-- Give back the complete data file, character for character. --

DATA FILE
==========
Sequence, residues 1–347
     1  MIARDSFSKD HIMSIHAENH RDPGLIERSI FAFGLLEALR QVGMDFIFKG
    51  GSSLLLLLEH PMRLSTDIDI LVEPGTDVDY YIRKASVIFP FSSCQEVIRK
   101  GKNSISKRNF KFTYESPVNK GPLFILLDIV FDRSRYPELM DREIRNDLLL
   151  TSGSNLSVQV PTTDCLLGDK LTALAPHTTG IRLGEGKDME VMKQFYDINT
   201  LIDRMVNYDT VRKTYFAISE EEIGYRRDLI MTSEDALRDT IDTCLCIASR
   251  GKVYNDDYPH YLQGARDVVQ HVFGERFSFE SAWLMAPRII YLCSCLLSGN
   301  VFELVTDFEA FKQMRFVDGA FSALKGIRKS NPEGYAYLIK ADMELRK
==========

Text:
Sequence, residues 1–347
     1  MIARDSFSKD HIMSIHAENH RDPGLIERSI FAFGLLEALR QVGMDFIFKG
    51  GSSLLLLLEH PMRLSTDIDI LVEPGTDVDY YIRKASVIFP FSSCQEVIRK
   101  GKNSISKRNF KFTYESPVNK GPLFILLDIV FDRSRYPELM DREIRNDLLL
   151  TSGSNLSVQV PTTDCLLGDK LTALAPHTTG IRLGEGKDME VMKQFYDINT
   201  LIDRMVNYDT VRKTYFAISE EEIGYRRDLI MTSEDALRDT IDTCLCIASR
   251  GKVYNDDYPH YLQGARDVVQ HVFGERFSFE SAWLMAPRII YLCSCLLSGN
   301  VFELVTDFEA FKQMRFVDGA FSALKGIRKS NPEGYAYLIK ADMELRK